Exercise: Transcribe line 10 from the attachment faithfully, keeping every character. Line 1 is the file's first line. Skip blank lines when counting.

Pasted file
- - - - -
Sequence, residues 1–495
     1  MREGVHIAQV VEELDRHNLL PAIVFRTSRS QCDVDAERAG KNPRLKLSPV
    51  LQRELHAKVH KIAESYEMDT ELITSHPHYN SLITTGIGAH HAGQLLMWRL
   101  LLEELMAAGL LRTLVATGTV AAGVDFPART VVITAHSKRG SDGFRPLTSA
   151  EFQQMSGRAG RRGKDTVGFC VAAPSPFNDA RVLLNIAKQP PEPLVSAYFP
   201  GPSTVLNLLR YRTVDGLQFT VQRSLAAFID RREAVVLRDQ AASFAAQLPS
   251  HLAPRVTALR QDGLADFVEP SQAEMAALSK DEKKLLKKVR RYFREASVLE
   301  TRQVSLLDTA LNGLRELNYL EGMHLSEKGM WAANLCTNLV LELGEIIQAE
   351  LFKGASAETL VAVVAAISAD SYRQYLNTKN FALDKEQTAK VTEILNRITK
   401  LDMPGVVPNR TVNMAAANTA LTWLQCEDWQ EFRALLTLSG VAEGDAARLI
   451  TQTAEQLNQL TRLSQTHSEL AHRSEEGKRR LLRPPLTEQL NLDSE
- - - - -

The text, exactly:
   401  LDMPGVVPNR TVNMAAANTA LTWLQCEDWQ EFRALLTLSG VAEGDAARLI